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Study finds ageism worsens health outcomes for aged care patients

As part of research into ageism's effect on older people's health, the Australian Human Rights Commission (AHRC) held educational workshops that saw 90 per cent of its participants rethink the way they communicated with old people.

Evaluations conducted both immediately after and 2-3 months post-intervention saw the 329 aged-care worker participants focus on combating negative assumptions and stereotypes associated with old people in their workplaces.

A 2020 study found that people who were the subject of ageism had significantly worse health outcomes in 95 per cent of the studies and 74 per cent of the health associations examined.

The review looked at ageism at a structural level through institutions reinforcing bias against older persons, and at an individual level in which older people adopt the negative views of ageing within a culture.

Frances Batchelor, associate professor at the National Ageing Research Institute, says ageism in care is not a criticism of the aged-care workforce, but rather a result of ageist attitudes existing in all aspects of our society.

"We know that one in two people experience the impacts of ageism, and it's often so deeply ingrained that we don't recognise it," she said.

"The aged-care workforce is on average one of the oldest workforces in Australia. Society's perception of the type of work aged-care workers do, because general attitudes towards older people aren't always positive, can reflect on the aged care workforce."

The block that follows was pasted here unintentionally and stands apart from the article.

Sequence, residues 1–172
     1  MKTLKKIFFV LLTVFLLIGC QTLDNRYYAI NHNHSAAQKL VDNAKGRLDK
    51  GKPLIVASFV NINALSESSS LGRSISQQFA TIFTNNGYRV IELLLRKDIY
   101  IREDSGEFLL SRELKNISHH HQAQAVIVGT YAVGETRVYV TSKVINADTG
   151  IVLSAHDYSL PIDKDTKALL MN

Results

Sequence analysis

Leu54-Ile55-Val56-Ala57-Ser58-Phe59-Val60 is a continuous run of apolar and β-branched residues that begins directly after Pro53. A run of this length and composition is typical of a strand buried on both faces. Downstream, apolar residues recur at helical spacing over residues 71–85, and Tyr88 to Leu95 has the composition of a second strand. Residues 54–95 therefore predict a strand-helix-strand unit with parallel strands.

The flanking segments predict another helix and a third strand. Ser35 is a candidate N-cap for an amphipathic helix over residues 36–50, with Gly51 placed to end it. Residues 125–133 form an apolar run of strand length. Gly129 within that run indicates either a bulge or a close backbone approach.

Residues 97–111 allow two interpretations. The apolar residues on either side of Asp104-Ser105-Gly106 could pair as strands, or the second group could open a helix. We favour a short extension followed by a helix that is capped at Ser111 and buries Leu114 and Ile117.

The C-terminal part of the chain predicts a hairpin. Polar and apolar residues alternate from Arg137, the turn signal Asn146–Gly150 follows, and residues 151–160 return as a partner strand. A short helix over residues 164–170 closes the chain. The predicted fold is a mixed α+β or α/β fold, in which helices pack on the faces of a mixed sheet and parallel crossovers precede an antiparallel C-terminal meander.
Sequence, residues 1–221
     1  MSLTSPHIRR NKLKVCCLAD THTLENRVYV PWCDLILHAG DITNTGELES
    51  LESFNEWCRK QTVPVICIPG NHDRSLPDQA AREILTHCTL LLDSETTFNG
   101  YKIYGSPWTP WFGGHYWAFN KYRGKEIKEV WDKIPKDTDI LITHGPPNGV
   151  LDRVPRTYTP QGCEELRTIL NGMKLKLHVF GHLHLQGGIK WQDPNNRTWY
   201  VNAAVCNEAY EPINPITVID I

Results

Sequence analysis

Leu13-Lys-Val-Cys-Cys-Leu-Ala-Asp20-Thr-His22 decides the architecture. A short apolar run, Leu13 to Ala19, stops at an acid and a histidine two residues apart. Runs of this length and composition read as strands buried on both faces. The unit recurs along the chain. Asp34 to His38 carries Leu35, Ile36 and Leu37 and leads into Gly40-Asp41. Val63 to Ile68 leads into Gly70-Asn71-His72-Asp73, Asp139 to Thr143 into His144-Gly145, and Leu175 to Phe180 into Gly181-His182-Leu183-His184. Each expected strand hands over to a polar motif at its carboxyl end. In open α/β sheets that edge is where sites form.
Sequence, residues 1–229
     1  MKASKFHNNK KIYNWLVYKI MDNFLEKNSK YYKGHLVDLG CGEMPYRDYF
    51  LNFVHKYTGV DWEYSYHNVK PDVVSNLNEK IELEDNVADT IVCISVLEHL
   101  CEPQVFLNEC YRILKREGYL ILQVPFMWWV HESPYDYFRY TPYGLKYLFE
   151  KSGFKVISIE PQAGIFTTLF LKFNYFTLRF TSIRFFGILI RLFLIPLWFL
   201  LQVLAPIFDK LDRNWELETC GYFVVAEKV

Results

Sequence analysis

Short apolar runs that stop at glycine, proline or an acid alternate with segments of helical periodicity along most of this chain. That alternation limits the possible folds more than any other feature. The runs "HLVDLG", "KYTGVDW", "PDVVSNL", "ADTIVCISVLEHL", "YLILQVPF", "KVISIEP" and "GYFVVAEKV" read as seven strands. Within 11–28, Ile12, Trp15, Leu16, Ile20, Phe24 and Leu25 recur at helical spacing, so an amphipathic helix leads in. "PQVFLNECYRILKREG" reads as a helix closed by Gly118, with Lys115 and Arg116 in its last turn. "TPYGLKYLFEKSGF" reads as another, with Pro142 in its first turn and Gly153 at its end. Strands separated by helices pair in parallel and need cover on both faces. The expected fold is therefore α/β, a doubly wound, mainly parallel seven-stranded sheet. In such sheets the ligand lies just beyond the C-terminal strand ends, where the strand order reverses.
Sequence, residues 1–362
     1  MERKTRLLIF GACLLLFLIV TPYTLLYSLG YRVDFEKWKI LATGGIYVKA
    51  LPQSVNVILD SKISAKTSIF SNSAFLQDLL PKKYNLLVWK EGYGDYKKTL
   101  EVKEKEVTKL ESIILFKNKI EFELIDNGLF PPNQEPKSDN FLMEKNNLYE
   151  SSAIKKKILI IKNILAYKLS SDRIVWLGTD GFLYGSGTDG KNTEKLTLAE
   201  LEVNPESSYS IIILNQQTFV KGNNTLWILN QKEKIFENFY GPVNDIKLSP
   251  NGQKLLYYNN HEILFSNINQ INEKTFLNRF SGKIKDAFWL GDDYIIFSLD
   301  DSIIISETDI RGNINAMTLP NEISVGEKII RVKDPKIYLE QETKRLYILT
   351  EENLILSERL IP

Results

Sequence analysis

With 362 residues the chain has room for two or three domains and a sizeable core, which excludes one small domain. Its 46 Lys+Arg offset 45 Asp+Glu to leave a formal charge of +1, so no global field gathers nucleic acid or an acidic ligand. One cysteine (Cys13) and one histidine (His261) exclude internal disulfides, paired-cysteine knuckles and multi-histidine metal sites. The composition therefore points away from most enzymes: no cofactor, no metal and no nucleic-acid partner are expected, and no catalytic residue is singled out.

Recognising personal bias and avoiding harmful language such as referring to someone as having a "seniors moment" can lessen the effects of ageism.

"We should encourage the aged-care workforce to respect the people they look after and respect their autonomy, and avoid making assumptions or stereotyping older people as all the same," she said.

The former Age Discrimination Commissioner of AHRC, Dr Kay Patterson, said aged-care providers should consider educating their staff about ageism.

"I’d like to see them doing training to make people more aware of their ageist attitudes and how that can actually influence the way they deliver care, either in the home or an aged-care setting,” she said.

Dr Patterson focused on advocating for older Australians during her time at the AHRC, assisting in producing the 2021 study What's age got to do with it? A snapshot of ageism across the Australian lifespan study on attitudes to ageing, which found 90 per cent of Australians believe ageism exists.

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